The spur to Saint Kevin Lake is a little tricky to find. I first noticed a discrepancy in where the spur was when I was planning this trek. The documented spur no longer exists, and the actual spur is a bit further North along the Continental Divide Trail and is not marked. Discrepancies in documented vs. actual trails is not uncommon, this is usually done for either forest rehabilitation or severe trail damage. Once on the spur to Saint Kevin Lake, the conifers thin and the huge blue sky fills the trail and the trail moves quickly to the last pitch just before Saint Kevin Lake.
Saint Kevin Lake sits in a depression or bowl and the final pitch to the lake is very steep. On the switchbacks where it is safer to stop, the views looking down the valley towards Mount Massive are spectacular. Just before reaching the high point above Saint Kevin Lake, Galena Mountain comes into view in-between the trees and gives off the illusion that you are at the same elevation as Galena Mountain, which forms the headwall above Saint Kevin Lake.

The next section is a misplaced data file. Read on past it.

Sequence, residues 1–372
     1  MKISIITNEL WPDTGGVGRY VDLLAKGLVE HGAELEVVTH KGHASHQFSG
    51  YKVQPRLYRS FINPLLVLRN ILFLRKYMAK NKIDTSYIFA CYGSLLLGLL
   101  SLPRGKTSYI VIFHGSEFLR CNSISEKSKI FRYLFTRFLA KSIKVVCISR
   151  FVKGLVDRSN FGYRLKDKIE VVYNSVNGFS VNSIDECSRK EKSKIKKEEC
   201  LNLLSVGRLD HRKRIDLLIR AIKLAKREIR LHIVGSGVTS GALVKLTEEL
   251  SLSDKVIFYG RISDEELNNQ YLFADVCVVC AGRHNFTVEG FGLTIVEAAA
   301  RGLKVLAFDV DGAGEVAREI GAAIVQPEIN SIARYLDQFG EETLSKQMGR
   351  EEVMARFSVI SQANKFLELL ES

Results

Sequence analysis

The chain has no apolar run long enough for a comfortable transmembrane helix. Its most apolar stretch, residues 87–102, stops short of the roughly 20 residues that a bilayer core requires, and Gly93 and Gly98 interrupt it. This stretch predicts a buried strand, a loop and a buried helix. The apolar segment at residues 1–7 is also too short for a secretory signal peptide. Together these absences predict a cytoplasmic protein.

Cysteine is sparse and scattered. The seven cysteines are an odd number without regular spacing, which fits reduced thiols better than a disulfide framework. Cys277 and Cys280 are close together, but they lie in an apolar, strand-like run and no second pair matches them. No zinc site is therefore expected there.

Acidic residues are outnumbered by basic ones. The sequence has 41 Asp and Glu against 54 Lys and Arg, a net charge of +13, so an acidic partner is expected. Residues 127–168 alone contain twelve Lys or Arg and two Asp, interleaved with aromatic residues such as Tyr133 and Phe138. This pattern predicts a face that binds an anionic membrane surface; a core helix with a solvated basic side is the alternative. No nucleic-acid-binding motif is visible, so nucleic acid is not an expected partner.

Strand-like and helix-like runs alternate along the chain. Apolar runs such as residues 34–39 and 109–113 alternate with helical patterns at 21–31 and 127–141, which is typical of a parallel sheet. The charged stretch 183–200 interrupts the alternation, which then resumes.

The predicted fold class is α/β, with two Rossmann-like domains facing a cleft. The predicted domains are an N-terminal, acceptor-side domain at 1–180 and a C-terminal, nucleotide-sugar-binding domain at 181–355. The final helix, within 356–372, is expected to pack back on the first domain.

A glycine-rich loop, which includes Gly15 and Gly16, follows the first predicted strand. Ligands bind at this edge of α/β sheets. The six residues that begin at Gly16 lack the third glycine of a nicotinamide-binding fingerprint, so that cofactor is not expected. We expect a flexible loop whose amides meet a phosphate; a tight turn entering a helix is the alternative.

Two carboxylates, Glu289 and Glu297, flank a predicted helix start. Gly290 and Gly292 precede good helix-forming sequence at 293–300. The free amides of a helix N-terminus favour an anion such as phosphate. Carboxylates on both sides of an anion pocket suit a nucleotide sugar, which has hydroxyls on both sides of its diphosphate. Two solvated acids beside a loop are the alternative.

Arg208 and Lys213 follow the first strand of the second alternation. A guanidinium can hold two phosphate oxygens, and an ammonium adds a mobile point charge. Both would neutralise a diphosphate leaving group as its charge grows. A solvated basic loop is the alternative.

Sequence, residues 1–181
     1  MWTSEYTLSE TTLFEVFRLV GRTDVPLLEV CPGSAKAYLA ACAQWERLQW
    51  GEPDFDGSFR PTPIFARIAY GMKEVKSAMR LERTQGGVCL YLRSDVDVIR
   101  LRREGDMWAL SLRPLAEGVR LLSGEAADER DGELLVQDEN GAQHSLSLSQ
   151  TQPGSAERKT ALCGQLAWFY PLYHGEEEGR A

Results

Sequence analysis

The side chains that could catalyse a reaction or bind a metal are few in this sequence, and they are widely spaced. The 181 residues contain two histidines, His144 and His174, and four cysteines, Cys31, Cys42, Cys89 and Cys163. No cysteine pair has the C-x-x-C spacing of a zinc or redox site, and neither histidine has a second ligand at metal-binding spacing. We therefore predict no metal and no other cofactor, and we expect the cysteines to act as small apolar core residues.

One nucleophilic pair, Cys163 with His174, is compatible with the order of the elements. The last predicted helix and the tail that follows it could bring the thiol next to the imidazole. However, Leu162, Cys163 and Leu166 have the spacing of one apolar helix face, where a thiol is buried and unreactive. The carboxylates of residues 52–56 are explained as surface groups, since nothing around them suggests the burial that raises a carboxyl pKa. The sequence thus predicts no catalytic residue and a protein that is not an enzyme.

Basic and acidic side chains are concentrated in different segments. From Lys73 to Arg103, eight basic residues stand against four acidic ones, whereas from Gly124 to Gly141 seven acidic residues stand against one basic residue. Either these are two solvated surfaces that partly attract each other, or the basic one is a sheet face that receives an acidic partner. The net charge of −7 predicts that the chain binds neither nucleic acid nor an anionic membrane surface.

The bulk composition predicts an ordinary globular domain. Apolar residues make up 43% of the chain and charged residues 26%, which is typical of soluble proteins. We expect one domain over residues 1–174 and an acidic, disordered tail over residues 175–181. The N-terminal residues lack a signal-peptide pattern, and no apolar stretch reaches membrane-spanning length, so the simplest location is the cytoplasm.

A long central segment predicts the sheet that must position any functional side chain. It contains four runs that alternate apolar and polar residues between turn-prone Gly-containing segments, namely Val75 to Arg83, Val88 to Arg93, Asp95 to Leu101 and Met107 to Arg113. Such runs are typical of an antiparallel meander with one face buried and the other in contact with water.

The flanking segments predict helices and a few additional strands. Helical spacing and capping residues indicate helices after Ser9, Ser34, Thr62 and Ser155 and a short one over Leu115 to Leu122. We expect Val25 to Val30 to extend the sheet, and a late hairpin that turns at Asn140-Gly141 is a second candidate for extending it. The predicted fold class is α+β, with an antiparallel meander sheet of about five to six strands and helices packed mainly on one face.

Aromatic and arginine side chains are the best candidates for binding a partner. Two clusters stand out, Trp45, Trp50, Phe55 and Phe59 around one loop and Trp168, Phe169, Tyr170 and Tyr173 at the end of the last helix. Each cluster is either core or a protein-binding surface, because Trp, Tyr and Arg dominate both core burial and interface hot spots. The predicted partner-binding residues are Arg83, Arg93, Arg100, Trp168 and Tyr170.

Once at the highpoint, you have a full view of Saint Kevin Lake sitting in the depression or bowl. I had the lake to myself. There was a light breeze every now and then, accompanied by the high chirps of Marmots. Three of the four walls surrounding the lake are granite scree, with the fourth - southern wall dotted in thick short wind-blown conifers. The sky was a deep blue, without a single cloud in the sky, this was a perfect secluded spot. I had a long lunch along the shoreline of the lake. It was very peaceful here.
As I was getting ready to head back, a couple crested the highpoint and were on their way down to the shoreline. A perfect time to head out. On the way out, just before reconnecting with the Continental Divide Trail, I did encounter a family and their two, unleased dogs, a Golden Retriever and a Bernese Mountain Dog, as expected with floppy-ear dogs, they were well trained and pleasant to encounter, they did not bark, charge or display any aggressive behavior.
The trail on the way out moves quickly. Aside from the encounter with the two ill-mannered dogs and their owners, it was a fantastic day of nearly 10.5 miles on the trail with an incredible blue sky and for the most part, the trail all to myself.